The New Economy puzzle is slowly being solved. When did the U.S. shift to a higher level of sustainable growth? Are these 3%-to-4% growth rates the result of temporary factors that will disappear soon? Why have CEOs been saying corporate productivity is rising sharply--while government statistics show them up just a bit? Data just released by the Commerce Dept.'s Bureau of Economic Analysis (BEA) don't answer all these questions definitively but do support the view that the New Economy is changing the economic landscape dramatically--a position long held by BUSINESS WEEK.
A comprehensive revision of historical data by the BEA shows that government accounting is catching up with reality. According to calculations by BUSINESS WEEK based on the new data, nonfarm productivity from 1990 to 1998 grew at a rate of 2%, not 1.4% as previously reported. From 1995 to 1998, productivity grew even faster: 2.6%, not 1.9%. And growth of gross domestic product for the entire economy was actually 4.2% between 1995 and 1998, not 3.8%. Recent figures show these trends probably extended well into 1999.
The point? It appears that the safe speed limit for U.S. growth moved higher much earlier in the decade than previously thought. The revisions show that between 1990 and 1994, productivity rose at a 1.8% rate, not the limp 1.1% previously reported. This implies that the New Economy appears to have been born in the early 1990s, the stage at which corporations say they began investing mightily in computers and high technology. Productivity and economic growth also appear to have accelerated over the decade.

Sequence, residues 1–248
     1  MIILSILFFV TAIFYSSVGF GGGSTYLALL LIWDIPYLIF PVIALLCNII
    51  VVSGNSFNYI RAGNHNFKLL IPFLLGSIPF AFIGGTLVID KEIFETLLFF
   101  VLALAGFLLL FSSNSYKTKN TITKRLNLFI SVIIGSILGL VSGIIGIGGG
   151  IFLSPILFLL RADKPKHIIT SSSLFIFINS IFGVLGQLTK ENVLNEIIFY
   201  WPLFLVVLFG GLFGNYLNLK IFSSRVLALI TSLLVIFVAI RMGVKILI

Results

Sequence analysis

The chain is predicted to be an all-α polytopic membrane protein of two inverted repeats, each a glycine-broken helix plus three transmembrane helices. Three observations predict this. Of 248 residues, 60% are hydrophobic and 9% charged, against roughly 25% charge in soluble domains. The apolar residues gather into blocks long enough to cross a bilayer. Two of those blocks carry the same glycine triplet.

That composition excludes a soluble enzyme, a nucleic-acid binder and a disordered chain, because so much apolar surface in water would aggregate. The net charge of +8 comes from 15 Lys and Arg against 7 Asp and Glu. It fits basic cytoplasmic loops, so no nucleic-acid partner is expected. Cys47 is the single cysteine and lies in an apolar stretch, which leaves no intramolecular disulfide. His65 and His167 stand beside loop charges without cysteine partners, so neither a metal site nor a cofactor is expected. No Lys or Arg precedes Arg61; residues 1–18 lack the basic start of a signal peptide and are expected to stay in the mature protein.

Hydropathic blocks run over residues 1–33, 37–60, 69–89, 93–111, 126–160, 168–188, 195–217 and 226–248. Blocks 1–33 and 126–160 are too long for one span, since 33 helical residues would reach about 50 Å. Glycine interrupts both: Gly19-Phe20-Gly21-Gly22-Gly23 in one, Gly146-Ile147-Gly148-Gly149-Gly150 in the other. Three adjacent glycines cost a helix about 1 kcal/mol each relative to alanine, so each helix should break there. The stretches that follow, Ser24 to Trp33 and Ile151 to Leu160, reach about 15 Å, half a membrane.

The BEA revisions refute skeptics who say that the fast, noninflationary growth of recent years is because of temporary factors, such as the Asian crisis or low commodity prices, which are now reversing. The transition to the New Economy began long before these events and should probably outlast them. A recent study by the University of Texas, sponsored by Cisco Systems Inc., shows that the Internet economy grew 68% from the first quarter of 1998 to the first quarter of 1999. It will total $507 billion this year.
The BEA figures validate the New Economy idea of higher sustainable growth. They don't, of course, suggest that inflation is dead, that business cycles are history, or that Fed policymakers can take the day off. But they do suggest that America doesn't have to be afraid of growing faster.